Madison extends energy alert

THE TEMPERATURE READOUT for the display at Great Western Bank in downtown Madison showed minus 16 degrees as the temperature at late Sunday morning. Weather forecasters are warning individuals about the dangers of hypothermia and frostbite due to extreme cold temperatures. Below-zero temperatures are expected to last in the Madison area until Wednesday.

Madison utility officials have extended a 24-hour energy alert that started on Monday morning for another day. The request for local electric-utility customers to cut down their power use will now last until 6 a.m. on Wednesday.

The staff in the Madison Electric Department announced on Sunday that they would declare an energy alert in Madison to last from Monday morning into Tuesday morning due to persistent subzero temperatures. The extension to the energy alert was announced late Monday morning.

Madison officials are asking the city's electric customers to keep their use of electricity to a minimum to avoid peak-use charges for additional power consumed during the current stretch of bitterly-cold winter weather.

According to Brad Lawrence, Madison's utility director, the energy alert was needed because city officials believed electricity demand would grow higher when industrial utility customers started running their plants on Monday.

"In addition to the retail and residential that we had over the weekend, we expect our industrial customers to add to the electrical load at the start of this work week," Lawrence said.

The department's announcement stated, "Due to the persistent cold weather forecast for Monday, an energy alert is being declared for the city of Madison. City consumers are encouraged to voluntarily conserve or limit energy usage."

Utility officials said the voluntary reduction in electricity use would "...assist in controlling the peak demand on the power system." They asked that utility customers turn off any unnecessary lights and/or electric space heaters.

As an example, Lawrence said the activation of one residential water heater during a peak-demand period could create a heavy bill for the city utility.

"If one person has their water heater come on when we're at our peak, that'll easily cost us about $125," Lawrence said.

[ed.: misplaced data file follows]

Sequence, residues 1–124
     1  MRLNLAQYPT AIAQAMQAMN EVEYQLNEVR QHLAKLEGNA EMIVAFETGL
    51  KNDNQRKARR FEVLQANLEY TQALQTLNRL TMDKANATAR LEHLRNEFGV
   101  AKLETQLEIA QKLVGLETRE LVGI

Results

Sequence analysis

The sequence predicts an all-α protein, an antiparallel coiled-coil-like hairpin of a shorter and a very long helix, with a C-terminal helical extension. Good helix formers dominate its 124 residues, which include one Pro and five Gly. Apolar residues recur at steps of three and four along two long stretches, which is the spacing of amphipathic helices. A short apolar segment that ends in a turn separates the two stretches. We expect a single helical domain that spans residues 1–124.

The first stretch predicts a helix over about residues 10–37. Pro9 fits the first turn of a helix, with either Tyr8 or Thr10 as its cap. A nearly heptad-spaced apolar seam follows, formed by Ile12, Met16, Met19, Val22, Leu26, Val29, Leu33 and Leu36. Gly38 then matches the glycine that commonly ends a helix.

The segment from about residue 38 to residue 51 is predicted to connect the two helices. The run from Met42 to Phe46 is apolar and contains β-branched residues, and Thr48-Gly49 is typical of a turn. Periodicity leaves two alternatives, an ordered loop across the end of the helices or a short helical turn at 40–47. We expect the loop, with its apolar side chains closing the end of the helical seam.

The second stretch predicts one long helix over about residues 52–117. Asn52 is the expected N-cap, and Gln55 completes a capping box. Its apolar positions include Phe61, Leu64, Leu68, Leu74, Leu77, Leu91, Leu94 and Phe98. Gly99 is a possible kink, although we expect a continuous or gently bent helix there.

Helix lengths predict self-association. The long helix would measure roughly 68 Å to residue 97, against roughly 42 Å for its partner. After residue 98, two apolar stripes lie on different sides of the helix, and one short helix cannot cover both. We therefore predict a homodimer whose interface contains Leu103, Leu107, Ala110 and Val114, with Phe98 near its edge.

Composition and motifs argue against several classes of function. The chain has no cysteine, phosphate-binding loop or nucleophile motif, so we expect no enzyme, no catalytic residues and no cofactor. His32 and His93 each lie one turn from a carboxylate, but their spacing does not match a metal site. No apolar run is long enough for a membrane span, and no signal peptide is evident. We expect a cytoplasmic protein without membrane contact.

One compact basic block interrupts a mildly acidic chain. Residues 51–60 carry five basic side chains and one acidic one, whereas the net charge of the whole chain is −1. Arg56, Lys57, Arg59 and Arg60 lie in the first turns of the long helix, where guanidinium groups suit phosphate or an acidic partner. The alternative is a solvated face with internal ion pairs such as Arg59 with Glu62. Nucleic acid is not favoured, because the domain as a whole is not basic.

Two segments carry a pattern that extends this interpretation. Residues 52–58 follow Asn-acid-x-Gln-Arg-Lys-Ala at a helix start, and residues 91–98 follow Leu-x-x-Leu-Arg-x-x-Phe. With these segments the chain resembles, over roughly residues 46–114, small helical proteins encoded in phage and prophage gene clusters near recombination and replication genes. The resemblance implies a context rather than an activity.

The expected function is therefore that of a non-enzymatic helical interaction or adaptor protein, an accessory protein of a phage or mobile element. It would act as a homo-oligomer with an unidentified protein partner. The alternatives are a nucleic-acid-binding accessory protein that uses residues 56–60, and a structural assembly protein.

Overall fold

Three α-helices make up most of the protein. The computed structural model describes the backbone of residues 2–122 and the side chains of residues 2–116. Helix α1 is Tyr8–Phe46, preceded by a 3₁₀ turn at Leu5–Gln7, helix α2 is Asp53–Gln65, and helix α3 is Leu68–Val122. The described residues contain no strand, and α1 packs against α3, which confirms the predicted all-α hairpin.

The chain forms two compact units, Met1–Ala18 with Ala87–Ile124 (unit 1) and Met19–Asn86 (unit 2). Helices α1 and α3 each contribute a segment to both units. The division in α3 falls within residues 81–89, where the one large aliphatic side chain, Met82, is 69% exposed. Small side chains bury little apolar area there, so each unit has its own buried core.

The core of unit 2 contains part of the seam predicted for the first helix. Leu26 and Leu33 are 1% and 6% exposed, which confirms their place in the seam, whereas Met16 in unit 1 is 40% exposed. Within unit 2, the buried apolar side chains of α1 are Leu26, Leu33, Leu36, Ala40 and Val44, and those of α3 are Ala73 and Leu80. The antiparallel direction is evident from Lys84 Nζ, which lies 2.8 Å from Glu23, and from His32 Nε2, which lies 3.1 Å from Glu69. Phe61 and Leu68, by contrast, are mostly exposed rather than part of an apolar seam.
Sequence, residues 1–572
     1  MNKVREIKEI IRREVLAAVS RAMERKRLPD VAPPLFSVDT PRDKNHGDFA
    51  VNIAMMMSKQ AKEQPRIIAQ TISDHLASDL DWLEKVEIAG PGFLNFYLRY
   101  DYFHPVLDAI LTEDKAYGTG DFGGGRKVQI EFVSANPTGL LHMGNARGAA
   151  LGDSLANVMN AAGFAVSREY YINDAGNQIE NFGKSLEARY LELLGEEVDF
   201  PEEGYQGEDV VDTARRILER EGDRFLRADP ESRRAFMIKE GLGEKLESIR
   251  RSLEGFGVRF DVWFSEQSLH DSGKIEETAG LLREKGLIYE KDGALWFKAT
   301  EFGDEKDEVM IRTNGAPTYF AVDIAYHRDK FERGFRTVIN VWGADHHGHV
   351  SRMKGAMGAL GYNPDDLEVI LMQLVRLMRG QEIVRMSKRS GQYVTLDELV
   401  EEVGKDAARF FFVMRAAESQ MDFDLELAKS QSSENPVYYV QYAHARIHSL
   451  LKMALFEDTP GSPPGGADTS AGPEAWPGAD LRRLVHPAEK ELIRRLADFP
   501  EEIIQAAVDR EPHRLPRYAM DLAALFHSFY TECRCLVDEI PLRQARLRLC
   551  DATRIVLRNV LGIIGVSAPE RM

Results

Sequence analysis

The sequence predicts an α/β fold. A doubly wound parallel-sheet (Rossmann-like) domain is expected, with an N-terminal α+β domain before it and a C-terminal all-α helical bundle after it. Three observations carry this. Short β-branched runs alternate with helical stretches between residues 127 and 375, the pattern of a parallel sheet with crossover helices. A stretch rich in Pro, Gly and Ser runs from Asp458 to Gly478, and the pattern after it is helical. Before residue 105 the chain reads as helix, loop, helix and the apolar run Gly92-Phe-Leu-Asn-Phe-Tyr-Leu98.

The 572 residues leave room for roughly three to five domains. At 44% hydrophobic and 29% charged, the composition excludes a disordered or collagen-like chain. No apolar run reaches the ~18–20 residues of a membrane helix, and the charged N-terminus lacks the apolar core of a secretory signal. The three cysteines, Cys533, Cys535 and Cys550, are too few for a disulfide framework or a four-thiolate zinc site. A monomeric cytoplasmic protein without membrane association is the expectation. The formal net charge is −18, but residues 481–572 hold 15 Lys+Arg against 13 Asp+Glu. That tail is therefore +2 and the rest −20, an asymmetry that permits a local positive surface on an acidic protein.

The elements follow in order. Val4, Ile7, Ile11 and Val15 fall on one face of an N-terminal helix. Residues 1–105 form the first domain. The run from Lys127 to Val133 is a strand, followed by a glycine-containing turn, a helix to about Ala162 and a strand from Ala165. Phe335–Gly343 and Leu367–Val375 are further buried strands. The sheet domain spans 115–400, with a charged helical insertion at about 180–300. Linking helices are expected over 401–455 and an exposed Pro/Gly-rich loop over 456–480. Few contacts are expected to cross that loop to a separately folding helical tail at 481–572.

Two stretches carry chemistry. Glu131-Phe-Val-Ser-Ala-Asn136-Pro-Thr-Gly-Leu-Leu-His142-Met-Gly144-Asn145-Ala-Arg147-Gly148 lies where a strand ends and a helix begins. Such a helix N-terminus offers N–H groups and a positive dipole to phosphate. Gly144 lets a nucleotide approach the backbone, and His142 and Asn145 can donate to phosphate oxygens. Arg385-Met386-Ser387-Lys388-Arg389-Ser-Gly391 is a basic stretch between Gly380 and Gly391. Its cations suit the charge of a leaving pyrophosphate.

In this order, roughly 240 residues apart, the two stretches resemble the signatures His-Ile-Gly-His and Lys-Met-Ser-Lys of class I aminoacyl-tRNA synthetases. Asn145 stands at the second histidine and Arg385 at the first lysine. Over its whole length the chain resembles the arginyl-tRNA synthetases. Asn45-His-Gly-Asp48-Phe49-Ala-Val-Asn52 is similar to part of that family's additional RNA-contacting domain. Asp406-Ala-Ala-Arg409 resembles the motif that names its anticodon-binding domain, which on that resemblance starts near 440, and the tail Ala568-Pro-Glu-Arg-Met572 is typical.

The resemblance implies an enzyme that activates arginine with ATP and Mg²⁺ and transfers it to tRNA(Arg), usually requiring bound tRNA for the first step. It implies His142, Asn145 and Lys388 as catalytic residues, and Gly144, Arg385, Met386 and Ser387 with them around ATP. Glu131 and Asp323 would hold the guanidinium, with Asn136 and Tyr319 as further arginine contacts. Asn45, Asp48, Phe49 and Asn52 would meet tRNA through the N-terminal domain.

He added that under its current billing system, Madison's electric utility would only recover pennies on the dollar. The municipal utility can only charge the customer about 10 cents per kilowatt-hour for running a residential water heater.

In the announcement, city officials also asked utility customers to delay any major appliance usage, such as dryers, washers and dishwashers, during the energy alert.

For any individuals who could experience significant personal difficulties, such as health problems, due to excessive energy cutbacks, the utility staff encouraged those persons to "...put personal safety ahead of any requests associated with this alert during these unseasonably cold days."

According to Lawrence, Madison's electricity-generating plant, a 10-megawatt facility, has continued operating since the early-morning hours of Feb. 13 at the request of Basin Electric Power Cooperative. The Bismarck, N.D.,-based power cooperative has assisted Madison with financing that built the city's emergency-generation plant, and Basin Electric has a contract to use the 10-MW facility as a peak power plant when needed.

"The generation plant has been running since Saturday morning at 2 a.m.," Lawrence said. "We thought that we might shut it down on Saturday evening, but Basin Electric contacted us and said, `Keep it running'."

"We have been getting our orders every day to keep the generation plant running."

Lawrence said his current calculations have Basin Electric asking the Madison plant to remain in operation until midnight on Tuesday or possibly midday on Wednesday. He added that he had also learned that Basin Electric has asked Fort Pierre officials to operate their 6-MW peak generation plant to meet increased electricity demands.

Lawrence said Basin Electric officials are running their power plants at capacity in response to a request from the Southwest Power Pool, a regional power transmission organization. He added the the entire SPP footprint is affected by the demand for more electricity.

"Despite our problems with the cold, we could consider ourselves lucky," Lawrence said. "In Texas, they are currently having rolling blackouts to deal with the electricity demands."